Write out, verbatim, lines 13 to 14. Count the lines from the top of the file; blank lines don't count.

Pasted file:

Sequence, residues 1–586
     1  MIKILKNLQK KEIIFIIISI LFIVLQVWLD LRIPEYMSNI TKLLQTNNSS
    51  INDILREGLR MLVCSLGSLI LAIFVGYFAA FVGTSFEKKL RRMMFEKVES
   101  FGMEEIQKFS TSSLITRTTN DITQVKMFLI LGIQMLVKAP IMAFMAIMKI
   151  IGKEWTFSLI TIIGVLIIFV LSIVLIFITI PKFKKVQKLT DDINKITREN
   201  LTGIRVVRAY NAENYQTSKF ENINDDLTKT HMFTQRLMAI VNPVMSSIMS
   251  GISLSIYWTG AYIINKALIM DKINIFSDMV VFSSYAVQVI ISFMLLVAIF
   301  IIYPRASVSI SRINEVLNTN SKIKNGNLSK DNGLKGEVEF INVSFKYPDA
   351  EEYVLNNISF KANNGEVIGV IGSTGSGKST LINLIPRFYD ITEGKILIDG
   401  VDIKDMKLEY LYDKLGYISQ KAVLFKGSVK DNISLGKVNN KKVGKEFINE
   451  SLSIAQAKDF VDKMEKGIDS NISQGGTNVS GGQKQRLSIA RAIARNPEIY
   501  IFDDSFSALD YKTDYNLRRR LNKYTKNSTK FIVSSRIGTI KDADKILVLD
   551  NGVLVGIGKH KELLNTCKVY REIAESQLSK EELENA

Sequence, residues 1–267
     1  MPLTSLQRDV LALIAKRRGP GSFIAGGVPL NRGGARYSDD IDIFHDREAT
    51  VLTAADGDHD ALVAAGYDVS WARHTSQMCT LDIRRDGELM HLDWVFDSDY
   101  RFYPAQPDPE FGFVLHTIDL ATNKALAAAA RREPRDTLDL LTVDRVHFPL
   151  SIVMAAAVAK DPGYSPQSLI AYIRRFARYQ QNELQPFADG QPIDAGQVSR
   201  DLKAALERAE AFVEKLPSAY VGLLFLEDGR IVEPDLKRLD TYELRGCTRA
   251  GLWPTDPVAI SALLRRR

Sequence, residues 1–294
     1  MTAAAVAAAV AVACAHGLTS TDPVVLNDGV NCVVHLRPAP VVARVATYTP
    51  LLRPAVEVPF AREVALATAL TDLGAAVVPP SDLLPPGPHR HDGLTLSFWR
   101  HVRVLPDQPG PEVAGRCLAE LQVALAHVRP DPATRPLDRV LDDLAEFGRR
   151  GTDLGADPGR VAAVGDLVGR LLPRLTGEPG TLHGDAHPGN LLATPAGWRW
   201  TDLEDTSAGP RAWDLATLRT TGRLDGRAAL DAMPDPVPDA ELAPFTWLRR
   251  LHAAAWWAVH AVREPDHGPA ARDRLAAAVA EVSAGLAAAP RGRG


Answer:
   551  NGVLVGIGKH KELLNTCKVY REIAESQLSK EELENA

Sequence, residues 1–267